Mikhail Blagosklonny earned his MD in Internal Medicine and his PhD in Experimental Medicine and Cardiology at the First Pavlov State Medical University in St. Petersburg. In 2002, Mikhail became an associate professor of medicine at New York Medical College in Valhalla, New York.
Presently, Mikhail Blagosklonny is an Oncology Professor at Roswell Park Cancer Institute. His research includes anti-aging drugs, cancer therapies, and Biogerontology, or the underlying mechanisms of aging. His research includes cellular and molecular biology and clinical investigations. He studies tumor suppressors, mitosis, the cell cycle, anticancer therapeutics, apoptosis, and drug resistance for normal cells.
He is also the editor-in-chief of Oncotarget and Cell Cycle. Mikhail has proposed the hypothesis for the potential role of TOR Signaling in cancer and aging. To counteract lie extension, Mikhail proposed using a popular cancer treatment drug called Rapamycin. Mikhail has done extensive research and believes Rapamycin to be an anti-aging drug that will improve immunity and end aging. With proper doses and schedules, Rapamycin can extend the life span. View Mikhail’s profile on Google Scholar
Originally proposed in 2008, Mikhail’s Rapamycin hypothesis received a lot of criticism. But by 2014, the medical world now takes the TOR-centric model for granted.
Rapamycin is also safe enough to give to transplant patients for years on a daily basis. It has been used to treat cancer and autoimmune disease and research suggests that Rapamycin can also treat osteoporosis and Alzheimer’s.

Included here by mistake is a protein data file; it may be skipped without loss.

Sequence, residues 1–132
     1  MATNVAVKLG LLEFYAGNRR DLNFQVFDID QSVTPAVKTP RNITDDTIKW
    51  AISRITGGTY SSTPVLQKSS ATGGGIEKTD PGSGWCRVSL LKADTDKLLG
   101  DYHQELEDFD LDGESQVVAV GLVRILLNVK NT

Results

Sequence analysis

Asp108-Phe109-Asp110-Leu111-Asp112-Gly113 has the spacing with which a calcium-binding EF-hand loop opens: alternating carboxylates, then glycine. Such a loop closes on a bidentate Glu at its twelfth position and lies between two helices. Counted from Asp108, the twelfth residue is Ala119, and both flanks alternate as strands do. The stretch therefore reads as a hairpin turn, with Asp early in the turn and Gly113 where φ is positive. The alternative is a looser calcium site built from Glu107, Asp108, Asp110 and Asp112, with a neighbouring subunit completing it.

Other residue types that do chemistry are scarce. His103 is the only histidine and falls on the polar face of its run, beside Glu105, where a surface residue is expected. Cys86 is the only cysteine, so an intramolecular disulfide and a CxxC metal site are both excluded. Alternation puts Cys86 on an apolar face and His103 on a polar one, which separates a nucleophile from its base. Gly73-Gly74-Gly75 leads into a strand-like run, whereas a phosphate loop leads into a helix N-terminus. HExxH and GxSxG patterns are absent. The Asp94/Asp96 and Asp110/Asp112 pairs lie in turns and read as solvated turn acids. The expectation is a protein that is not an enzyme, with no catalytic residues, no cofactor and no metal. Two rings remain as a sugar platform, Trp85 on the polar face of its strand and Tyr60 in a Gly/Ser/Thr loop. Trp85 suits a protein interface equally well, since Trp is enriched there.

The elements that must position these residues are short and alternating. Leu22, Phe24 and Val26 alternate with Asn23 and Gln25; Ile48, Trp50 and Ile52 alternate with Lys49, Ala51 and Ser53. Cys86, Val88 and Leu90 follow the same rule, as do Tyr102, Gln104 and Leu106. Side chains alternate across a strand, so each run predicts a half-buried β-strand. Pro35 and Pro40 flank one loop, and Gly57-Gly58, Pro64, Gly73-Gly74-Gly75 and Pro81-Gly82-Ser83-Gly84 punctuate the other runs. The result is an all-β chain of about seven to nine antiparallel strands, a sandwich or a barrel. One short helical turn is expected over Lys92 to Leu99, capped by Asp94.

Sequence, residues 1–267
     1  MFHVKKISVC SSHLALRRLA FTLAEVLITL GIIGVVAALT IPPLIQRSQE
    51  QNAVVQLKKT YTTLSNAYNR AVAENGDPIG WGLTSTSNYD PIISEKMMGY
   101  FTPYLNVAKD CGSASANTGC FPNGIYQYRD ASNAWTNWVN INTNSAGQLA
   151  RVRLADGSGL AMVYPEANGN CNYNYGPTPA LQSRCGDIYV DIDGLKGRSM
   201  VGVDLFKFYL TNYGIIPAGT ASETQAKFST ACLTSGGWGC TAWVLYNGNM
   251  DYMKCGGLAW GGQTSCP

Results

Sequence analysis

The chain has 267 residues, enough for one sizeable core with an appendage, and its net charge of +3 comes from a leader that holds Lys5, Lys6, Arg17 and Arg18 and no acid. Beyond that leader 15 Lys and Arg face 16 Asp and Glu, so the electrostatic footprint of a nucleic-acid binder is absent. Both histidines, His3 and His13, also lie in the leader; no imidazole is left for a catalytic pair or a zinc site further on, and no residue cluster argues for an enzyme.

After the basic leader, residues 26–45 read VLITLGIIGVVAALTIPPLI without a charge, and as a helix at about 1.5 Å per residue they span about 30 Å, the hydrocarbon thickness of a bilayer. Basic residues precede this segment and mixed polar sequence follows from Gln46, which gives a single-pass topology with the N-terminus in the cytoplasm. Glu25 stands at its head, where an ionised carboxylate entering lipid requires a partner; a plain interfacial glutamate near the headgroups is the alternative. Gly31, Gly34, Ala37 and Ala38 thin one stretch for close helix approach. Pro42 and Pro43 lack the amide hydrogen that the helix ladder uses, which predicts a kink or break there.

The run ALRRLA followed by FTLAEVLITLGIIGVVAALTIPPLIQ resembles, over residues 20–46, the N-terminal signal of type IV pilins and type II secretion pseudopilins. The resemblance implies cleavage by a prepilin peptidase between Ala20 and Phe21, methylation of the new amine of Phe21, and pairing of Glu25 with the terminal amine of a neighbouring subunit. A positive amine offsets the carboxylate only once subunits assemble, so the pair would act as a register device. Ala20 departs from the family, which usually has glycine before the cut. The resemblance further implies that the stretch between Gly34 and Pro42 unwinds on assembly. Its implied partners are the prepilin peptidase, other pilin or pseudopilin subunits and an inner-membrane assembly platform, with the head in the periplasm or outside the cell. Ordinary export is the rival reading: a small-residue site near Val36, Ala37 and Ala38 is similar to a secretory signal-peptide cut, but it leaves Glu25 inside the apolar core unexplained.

Mikhail Blagosklonny has done a huge amount of research about Rapamycin, and is a proponent of using this non-toxic drug to help fight aging and the terrible degenerative diseases that goes along with it, like Alzheimer’s and dementia. He believes aging and cancer can be cured and his optimism has fueled his research to help him find new, groundbreaking discoveries that will change the medical world forever and help people live longer, healthier, and happier lives.
He warns that Rapamycin is not an elixir for immortality. Even after many of the current diseases and causes of death related to aging are wiped out, new, unknown diseases will appear. He calls this post-aging syndrome. However, Rapamycin will still allow people to live longer, happier lives without degenerative diseases damaging their lifestyles.
His determination, drive, and commitment to finding a cure for cancer has helped him become one of the biggest oncology researchers in the world. Visit classroomvoices.org to read more about Mikhail.